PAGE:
Democratic Rights and Electoral Reform in Canada

Overview

The studies in this volume present different views on issues that have caused Charter-based court challenges and provoked public concern about the integrity of the electoral system.

Jennifer Smith’s study of voting rights favours the dignity of the vote over the uncritical advocacy of rights. Conversely, Pierre Landreville and Lucie Lemonde argue for the right of prisoners to vote on the grounds of philosophy, social science and criminology. Yves Denoncourt suggests that current legal tests of mental competence could be used to determine whether persons with mental disorders can vote.

Patrice Garant argues, based on Charter principles and Quebec’s experience, for the right of public servants to participate in elections, while Kenneth Kernaghan cautions Canada to preserve a politically neutral public service.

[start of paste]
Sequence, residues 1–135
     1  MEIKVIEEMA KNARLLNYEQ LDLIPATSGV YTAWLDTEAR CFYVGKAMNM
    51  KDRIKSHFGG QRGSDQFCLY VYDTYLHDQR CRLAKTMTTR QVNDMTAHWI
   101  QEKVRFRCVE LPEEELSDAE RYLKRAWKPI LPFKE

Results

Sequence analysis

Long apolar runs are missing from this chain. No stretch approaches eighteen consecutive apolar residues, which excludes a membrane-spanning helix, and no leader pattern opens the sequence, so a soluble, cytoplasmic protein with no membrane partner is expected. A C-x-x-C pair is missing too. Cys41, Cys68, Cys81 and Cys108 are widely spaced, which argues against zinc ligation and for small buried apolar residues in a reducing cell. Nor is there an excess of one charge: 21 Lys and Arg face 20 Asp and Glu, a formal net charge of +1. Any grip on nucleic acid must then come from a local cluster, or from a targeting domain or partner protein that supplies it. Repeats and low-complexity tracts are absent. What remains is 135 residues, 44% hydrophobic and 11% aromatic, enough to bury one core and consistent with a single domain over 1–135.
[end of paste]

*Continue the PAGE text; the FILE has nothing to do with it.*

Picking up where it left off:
Peter McCormick favourably considers the recall of elected officials, while David MacDonald evaluates the use of referendums and concludes that they should not be held in conjunction with general elections.

John Courtney and David Smith examine the problems of voter registration. Cécile Boucher deals with the myth of widespread fraud in suggesting how election law could be administered without recourse to the courts.

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